Working with traditional cross-stitch techniques, Emery chooses imagery that achieves maximum contrast to the restrained, traditional female craft she employs. Emery’s works can be seen as points of collision, where social history and material culture meet to investigate and reflect social conditions. Through its reclamation and use of the domestic-private sphere, Emery’s practice takes female experiences as a subject with political and subversive implications.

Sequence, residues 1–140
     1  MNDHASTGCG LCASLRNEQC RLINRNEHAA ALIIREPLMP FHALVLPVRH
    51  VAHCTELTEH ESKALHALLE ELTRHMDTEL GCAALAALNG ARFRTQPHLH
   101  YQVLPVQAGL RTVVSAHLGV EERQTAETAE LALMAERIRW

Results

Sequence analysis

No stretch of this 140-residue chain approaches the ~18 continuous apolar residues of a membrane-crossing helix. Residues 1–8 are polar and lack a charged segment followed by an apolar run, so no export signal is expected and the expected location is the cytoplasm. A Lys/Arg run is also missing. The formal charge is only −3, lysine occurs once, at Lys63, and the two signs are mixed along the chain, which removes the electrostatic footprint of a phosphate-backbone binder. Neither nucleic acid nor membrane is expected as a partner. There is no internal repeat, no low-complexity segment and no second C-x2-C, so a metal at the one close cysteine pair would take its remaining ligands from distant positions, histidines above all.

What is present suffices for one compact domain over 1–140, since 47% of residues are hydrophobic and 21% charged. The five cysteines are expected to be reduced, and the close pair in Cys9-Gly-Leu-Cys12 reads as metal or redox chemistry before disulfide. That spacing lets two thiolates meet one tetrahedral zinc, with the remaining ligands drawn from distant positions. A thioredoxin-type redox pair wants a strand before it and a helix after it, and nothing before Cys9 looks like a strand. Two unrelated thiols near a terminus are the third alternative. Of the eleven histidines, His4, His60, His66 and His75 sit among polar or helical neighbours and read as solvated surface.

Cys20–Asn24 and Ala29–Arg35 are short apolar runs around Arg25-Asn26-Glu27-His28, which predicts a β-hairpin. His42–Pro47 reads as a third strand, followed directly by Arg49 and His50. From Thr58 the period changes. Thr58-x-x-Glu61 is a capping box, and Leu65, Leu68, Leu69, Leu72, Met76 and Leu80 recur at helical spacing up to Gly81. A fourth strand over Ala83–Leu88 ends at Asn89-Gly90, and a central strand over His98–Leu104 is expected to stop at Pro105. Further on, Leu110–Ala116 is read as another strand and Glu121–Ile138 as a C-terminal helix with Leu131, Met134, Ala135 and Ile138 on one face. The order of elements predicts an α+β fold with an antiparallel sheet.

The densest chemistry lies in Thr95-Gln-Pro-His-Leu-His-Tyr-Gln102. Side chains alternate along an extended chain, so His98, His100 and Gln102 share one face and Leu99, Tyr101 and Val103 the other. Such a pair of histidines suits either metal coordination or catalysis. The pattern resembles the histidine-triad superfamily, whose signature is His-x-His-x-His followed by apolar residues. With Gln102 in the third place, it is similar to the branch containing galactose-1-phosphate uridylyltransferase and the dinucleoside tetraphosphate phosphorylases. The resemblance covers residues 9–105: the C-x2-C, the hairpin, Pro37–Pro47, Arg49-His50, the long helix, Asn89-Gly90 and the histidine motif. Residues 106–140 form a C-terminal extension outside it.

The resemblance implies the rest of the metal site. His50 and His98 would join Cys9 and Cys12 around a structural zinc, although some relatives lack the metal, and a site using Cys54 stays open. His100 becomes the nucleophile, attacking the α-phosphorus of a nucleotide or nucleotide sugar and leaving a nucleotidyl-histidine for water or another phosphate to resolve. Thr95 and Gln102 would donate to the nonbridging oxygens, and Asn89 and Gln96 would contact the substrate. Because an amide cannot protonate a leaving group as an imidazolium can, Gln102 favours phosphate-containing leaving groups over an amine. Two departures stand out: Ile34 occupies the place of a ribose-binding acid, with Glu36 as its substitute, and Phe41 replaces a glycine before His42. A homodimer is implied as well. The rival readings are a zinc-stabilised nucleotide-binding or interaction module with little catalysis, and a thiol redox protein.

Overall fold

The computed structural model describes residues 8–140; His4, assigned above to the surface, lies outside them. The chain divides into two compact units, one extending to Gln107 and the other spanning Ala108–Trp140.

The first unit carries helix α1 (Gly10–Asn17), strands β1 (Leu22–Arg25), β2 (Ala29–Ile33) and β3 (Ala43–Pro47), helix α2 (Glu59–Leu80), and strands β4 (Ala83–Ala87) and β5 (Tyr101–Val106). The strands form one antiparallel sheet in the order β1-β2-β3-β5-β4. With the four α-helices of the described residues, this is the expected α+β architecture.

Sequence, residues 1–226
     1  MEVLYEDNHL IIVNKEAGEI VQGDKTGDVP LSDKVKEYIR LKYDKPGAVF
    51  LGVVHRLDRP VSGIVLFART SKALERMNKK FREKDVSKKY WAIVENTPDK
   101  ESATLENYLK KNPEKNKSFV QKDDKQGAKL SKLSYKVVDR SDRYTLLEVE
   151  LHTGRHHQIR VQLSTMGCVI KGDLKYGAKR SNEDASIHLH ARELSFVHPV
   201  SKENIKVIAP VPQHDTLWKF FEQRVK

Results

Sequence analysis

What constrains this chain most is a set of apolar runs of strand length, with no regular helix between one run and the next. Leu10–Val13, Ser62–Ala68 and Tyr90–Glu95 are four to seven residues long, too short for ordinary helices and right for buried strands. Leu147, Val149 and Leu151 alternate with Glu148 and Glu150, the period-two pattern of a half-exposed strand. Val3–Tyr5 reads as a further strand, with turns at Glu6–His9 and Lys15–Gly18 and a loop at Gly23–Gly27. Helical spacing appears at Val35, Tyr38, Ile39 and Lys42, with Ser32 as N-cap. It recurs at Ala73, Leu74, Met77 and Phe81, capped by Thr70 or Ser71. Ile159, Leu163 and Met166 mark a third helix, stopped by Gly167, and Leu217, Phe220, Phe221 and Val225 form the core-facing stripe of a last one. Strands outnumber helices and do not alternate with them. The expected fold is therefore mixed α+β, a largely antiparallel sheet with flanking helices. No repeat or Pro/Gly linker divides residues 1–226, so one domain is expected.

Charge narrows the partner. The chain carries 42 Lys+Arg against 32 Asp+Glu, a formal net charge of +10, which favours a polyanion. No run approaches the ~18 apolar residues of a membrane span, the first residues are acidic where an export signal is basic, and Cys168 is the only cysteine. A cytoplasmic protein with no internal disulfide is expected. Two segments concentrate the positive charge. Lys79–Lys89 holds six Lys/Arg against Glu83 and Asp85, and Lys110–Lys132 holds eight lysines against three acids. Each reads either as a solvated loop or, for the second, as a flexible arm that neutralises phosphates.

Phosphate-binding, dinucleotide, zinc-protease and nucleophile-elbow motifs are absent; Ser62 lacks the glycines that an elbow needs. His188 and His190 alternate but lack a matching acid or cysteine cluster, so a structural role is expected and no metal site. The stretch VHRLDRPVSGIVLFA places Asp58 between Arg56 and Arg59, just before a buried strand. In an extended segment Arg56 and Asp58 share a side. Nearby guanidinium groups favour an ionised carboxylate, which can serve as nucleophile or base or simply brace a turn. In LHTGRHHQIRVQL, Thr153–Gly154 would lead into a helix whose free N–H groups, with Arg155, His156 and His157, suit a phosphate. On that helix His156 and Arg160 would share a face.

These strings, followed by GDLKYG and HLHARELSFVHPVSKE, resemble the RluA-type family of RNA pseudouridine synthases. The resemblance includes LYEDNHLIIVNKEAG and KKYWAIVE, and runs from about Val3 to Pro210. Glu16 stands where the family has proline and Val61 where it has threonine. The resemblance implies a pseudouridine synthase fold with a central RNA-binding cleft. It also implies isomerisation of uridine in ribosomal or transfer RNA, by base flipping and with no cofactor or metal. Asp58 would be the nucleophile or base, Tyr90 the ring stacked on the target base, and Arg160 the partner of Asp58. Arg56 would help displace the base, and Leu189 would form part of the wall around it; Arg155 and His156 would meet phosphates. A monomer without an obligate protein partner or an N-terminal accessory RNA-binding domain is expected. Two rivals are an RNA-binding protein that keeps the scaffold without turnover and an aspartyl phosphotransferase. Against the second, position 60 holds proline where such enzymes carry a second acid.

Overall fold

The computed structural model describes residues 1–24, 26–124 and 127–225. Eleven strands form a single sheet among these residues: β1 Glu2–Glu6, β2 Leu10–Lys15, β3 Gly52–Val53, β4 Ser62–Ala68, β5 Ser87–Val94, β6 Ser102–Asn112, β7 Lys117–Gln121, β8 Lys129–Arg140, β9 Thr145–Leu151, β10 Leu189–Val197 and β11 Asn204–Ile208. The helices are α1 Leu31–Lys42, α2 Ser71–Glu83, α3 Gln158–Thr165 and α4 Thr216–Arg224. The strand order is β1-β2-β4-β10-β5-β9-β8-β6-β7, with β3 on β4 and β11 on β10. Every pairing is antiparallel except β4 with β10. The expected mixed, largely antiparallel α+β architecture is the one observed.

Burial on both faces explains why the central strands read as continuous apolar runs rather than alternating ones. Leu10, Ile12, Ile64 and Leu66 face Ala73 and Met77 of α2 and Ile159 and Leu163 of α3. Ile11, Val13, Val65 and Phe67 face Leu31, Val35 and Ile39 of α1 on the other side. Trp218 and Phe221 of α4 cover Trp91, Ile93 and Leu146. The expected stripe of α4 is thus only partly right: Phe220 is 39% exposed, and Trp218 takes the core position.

Often explicit and sexual in nature, Emery’s work for this exhibition takes exploitative kitsch crockery which was produced en masse in the 20th century, as its point of reference and departure for her textile works. Her rendering of these kitsch crockery items in cross-stitch is a homage to the women whose livelihood was marred by the existence of such destructive whimsy.
Image: Leah Emery, Still Lyfe 3. Courtesy of @leahemeryart